Product I Love: Mozilla
May 2, 2019
At Connected we are obsessed with great products. We often talk about the great products we worked on and the ones we wished we worked on. We even have a wall in our reception area dedicated to showing off our favourite ones. That’s why we decided to launch a series of products we love. We’d love to hear from people who are as obsessed with making great products as we are so if you’d like to share yours, send me a note at firstname.lastname@example.org. You may just get featured on our blog. In the meantime hear why Connected Software Engineer Mathieu Gosbee loves Mozilla.
Everyone knows Mozilla. They came into prominence in the early days of widespread internet use back in 1998 with the release of the Netscape browser suite source code. When AOL acquired Netscape, they released the source code and created the Mozilla Foundation. Essentially, they became one of the first large open-source web browsers with the introduction of Phoenix (later renamed to Firefox). In fact, Firefox is my preferred browser. It’s faster and has less memory usage, I can leave it open without worrying about it using up all of my memory.
What I love about Mozilla is that they’re a non-profit organization with a mission to push for the Internet to be open and accessible to all regardless of demographics and experience. They also believe that users’ security and privacy on the internet should be fundamental. In fact, they’re providing major funds to two Mozilla employees to run the Let’s Encrypt service, an automated and open certificate authority (CA), free of charge. This is incredible for users because other web browsers monetize this service of securing a website.
A Different Kind of Tech Company
What makes them stand out from the other tech leaders is that Mozilla has no reason to want my information since they’re a non-profit. They don’t get money from harvesting my data – they’re completely open-source whereas Chrome and Safari aren’t on the same level. Mozilla also doesn’t overwhelm me with asks for money as other non-profits do. They’re doing what they’re doing for the betterment of the Internet. Privacy is very important to me and knowing that they don’t collect my data whenever I use their browser is a plus. From what I can tell, they don’t have ulterior motives.
A Secure Solution
I had a start-up called Groupnotes that was used to share websites with people and included a chat-system built into the service. We didn’t want to have to manage passwords, so thankfully Mozilla offered a product that allowed us to have a more secure product for our own users through email authentication. Everyone trusts Mozilla with passwords and other information, and it’s hard to carry that same weight as a tiny startup based out of Waterloo. Thankfully, Mozilla had open communication lines with us so we could ask them for help or request new features. They would also communicate with us to see how they could do better and understand why we’re using their service. Since what they were offering was new, they had a few bugs. Eventually, it crashed and my team and I sent an email to Mozilla to let them know about them. They mailed us some stickers and t-shirts to thank us for our efforts which resulted in a fun, albeit embarrassing, picture of us repping their swag. The swag was a completely unprovoked good gesture.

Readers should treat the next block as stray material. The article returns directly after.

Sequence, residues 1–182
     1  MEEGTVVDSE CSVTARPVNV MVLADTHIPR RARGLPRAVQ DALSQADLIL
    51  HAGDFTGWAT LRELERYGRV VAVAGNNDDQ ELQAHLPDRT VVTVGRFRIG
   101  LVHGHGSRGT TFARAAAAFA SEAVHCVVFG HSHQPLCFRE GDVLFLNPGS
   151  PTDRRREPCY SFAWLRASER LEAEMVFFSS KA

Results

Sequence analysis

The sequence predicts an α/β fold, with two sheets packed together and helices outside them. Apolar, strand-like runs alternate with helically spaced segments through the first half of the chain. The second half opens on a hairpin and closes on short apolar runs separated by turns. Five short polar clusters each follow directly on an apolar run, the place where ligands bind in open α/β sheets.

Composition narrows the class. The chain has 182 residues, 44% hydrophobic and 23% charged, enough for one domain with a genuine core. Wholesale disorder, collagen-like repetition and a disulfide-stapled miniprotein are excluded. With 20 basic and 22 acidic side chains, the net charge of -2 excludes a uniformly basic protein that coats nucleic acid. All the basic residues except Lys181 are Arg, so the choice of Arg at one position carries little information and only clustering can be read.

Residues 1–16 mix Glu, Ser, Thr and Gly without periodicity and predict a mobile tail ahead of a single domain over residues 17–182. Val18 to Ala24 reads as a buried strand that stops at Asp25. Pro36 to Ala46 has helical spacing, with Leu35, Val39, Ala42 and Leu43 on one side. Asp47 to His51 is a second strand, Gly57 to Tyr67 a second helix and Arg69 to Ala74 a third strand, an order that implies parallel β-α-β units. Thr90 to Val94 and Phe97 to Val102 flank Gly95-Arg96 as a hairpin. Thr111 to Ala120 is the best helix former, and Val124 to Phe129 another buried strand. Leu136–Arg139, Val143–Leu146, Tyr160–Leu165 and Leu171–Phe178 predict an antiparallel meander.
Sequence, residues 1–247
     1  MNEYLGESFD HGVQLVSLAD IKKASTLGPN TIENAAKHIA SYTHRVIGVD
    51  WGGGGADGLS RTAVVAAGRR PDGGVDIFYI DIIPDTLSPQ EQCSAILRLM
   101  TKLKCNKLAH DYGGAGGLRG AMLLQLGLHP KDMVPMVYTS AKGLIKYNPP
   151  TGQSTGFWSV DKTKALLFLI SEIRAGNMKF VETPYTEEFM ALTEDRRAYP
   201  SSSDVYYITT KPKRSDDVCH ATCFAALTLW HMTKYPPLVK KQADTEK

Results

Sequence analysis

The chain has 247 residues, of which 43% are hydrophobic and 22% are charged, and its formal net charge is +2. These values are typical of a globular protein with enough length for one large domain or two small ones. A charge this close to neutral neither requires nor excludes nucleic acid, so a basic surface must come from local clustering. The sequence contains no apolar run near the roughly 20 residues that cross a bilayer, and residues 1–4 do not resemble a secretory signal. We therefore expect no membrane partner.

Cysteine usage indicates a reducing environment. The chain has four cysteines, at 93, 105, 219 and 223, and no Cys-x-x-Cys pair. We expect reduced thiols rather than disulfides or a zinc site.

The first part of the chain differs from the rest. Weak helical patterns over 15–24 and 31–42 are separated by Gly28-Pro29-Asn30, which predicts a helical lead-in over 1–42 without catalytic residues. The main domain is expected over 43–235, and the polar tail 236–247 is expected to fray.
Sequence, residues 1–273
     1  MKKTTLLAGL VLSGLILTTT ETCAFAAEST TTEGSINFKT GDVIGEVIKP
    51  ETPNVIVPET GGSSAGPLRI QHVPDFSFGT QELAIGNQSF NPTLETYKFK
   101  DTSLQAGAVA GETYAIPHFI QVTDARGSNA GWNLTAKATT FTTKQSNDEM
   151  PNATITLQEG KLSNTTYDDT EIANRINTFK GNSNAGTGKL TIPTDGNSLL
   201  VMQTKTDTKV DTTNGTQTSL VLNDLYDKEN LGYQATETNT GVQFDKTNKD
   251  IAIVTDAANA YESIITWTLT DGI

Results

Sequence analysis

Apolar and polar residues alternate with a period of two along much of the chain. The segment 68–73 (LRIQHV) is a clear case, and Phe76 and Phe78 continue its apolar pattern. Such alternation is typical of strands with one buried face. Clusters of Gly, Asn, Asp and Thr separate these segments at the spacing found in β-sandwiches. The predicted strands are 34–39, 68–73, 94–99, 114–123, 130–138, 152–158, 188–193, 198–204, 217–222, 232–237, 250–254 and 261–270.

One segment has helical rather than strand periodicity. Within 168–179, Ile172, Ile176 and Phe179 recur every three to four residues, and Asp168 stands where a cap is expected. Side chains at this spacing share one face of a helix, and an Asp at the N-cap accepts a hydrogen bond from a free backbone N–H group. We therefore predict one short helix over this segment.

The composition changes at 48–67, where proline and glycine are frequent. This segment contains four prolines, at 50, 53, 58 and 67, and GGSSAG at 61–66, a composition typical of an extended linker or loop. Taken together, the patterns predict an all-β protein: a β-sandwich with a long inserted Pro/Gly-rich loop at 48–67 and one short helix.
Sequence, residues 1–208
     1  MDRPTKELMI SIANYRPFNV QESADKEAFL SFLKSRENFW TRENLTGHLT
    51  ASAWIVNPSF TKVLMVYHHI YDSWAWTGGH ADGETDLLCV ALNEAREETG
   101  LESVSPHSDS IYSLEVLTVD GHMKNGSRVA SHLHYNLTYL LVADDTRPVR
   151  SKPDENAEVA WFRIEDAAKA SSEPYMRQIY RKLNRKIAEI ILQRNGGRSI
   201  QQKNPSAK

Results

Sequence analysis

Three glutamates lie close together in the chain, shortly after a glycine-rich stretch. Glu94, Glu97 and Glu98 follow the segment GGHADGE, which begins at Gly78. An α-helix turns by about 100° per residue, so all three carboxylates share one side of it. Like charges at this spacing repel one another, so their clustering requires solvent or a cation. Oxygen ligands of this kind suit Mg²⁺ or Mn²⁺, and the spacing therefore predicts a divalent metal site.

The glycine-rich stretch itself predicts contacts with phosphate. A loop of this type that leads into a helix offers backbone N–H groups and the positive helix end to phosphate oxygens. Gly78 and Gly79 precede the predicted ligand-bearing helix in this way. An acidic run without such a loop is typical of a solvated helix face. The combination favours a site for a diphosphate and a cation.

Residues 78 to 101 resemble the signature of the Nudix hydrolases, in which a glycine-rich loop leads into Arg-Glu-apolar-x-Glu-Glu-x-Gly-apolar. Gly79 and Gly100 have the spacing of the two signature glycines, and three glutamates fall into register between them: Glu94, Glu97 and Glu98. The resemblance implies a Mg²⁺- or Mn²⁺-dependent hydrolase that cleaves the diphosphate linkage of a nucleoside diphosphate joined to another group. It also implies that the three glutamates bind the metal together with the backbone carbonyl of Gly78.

Innovative From The Start
Mozilla is continually innovating and challenging other tech companies. I’m excited to see what the future holds for this internet pioneer.
If you want to hear about other products Connectors love, check out why EVP of Growth & Client Experience, Tammy Chiasson loves Peloton.
Tue Nov 29
Art of Controlled Burn in Engineering Management
The idea of a Controlled Burn is simple; create a small fire that you fully control. The assumption is that were you to do nothing, a much larger disaster would occur. In agile, no team likes disruptions; rather, everyone prefers to work like well-oiled machines. This begs the question - can we apply a strategy that looks very similar to firefighters and utilizes controlled disruptions rather than waiting for a full-blown disaster to occur?
Wed Nov 9
You’re Wrong & Don’t Know It: Process Biases
Process biases occur when you process information based on cognitive factors instead of concrete evidence, skewing your perception of reality, even if all the pertinent and necessary data is right in front of you. And in our third installment of You’re Wrong & Don’t Know It, discover some of the different types of process biases, their impact, and most importantly, how they can be avoided.